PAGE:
Secondhand Lions is a positive movie with some important things to say both about growing up and growing old. It's also a story about finding something to put faith in, whether it be true or not. "If you want to believe something, then BELIEVE in it!” says Robert Duvall's crusty old character, Uncle Hub.
A somewhat sentimental tale, Secondhand Lions is told over the course of a few week in either the 50's or 60's when fourteen year old Walter (Haley Joel Osment) is dropped rather unexpectedly on the doorstep of his eccentric old uncles for an extended stay. What follows is another one of those coming-of-age stories, which distinguishes itself from the pack by casting Michael Caine and Robert Duvall as two retired legends. What would Indiana Jones be like if he grew too old for treasure hunting and retired to an extremely rural spread somewhere in the middle of Texas? That's the best way to describe Hub and Garth, Walter's two suspiciously rich and extremely eccentric relatives.
Michael Caine and Robert Duvall are great. Isn’t that a given at this point? This is really supposed to be a story focused around Osment’s character, but they are what make it worthwhile with their weird and wild advice on life. In fact, I think I’d rather see this movie without Osment. I want to know more about Hub and Garth. What happens when Hub loses his one great love and spends the rest of his life in the foreign legion? What was life like for Garth leading excursions into the African savannah? How did they grow old? Why did they retire? These two old birds are the world’s coolest retirees, in love with life in a way that so few of us in these cynical times can any longer understand.
But the main reason I’d rather see Haley Joel Osment excised from this film is a simpler one. He’s bad. Dead. Empty inside. I realize he was once considered Hollywood’s greatest child actor, but he isn’t a child anymore. I think the idea was for Secondhand Lions to be a transitional role for him; the place where he steps across the great acting divide from great child actor to great teenage actor. With two acting gurus like Duvall and Caine there to lead the way, this should have been a home run for him. It isn’t. He’s lost. It’s almost as if never having been a “real” teenager he doesn’t know how to behave as one. Even more than that, there’s just a hollow emptiness behind his eyes that makes every move he makes seem plastic. He can’t even sit on the ground staring at the sun without seeming off. When he does emote it’s overdone. When he doesn’t emote he seems like a pathetic puppet with inexpertly pulled strings.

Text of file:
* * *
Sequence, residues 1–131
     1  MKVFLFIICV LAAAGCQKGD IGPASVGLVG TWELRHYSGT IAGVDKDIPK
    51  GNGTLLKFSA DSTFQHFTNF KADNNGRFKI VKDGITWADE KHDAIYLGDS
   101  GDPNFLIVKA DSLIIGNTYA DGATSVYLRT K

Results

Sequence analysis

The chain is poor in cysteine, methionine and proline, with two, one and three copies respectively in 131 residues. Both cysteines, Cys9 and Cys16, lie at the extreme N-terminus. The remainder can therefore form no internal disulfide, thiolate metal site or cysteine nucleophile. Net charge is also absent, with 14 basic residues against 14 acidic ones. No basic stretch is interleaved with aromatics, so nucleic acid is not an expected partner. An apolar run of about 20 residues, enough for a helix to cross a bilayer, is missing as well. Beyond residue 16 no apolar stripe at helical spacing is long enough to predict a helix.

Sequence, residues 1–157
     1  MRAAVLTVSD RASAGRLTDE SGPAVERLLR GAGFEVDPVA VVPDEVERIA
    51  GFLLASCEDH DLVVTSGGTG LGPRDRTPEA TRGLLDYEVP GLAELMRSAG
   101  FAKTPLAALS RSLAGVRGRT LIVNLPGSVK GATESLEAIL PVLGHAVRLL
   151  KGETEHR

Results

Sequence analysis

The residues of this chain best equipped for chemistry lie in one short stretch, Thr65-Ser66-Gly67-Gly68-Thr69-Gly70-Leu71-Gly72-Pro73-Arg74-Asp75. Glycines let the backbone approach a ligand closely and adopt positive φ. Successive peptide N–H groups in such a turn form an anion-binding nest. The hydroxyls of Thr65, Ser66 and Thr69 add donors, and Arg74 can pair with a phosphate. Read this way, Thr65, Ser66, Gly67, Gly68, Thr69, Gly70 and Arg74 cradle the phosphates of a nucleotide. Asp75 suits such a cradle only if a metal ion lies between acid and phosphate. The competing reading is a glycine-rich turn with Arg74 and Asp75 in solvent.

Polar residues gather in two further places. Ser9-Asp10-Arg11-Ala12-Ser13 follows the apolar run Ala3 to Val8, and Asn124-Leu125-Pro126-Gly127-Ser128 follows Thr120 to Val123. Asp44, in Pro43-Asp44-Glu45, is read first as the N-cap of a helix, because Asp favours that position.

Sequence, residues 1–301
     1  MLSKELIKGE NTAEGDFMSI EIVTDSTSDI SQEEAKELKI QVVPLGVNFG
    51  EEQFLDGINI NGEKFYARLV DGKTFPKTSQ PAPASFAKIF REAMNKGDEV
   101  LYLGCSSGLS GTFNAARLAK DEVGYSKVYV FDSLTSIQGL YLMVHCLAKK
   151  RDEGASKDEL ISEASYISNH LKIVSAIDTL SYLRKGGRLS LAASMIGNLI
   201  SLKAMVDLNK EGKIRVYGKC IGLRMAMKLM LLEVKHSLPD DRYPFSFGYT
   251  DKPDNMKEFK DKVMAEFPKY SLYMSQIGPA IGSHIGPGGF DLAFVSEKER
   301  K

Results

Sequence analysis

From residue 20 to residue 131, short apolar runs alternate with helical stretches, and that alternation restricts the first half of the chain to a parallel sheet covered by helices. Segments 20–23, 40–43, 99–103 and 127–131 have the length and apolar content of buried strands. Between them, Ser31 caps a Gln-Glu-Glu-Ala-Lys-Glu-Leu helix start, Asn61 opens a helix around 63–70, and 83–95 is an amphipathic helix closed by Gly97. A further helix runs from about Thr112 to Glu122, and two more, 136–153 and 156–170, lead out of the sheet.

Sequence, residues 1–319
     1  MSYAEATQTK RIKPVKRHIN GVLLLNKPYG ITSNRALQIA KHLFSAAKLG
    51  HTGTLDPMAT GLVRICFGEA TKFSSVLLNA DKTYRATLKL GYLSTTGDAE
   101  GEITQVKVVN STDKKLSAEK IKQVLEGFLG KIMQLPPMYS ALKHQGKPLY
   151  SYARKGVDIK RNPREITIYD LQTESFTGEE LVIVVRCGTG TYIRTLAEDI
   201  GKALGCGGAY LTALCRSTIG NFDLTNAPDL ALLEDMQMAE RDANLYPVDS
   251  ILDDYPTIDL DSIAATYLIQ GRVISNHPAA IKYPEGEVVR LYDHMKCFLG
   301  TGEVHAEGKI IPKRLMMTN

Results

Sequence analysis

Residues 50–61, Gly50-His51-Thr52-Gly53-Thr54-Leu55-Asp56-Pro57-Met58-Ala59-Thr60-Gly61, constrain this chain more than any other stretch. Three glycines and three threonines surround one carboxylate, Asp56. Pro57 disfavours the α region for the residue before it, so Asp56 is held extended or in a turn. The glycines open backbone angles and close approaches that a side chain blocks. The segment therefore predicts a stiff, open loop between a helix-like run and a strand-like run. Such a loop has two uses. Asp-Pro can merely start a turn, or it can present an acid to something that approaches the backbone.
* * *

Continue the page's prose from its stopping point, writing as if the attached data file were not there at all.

Writer/Director Tim McCanlies has an almost annoying tendency to get cute, but again, that obvious manipulation is smartly balanced by the work of Caine and Duvall. McCanlies takes a very rural, plain, shooting location, which incidentally is exactly the area in which I grew up, and imbues it with a fantastical and dusty life. Hub and Garth’s spread is a wonderland of fishing ponds, jungle-like cornfields, rickety old porches, and spooky attic bedrooms.
Secondhand Lions is too great a film to be completely destroyed by the fading abilities of an awkward man-child. The story of Hub and Garth is a beautiful one, as is their growing affection for Walter. Told in a series of brief, narrated flashbacks interspersed throughout the movie, Walter slowly uncovers the truth about his Uncle’s past. They give him something to believe in, and through him his Uncle’s find a way to live life without the adventure of youth. Walter gives them a reason to keep living while Secondhand Lions gives us a new and intrinsically positive way to look at life.
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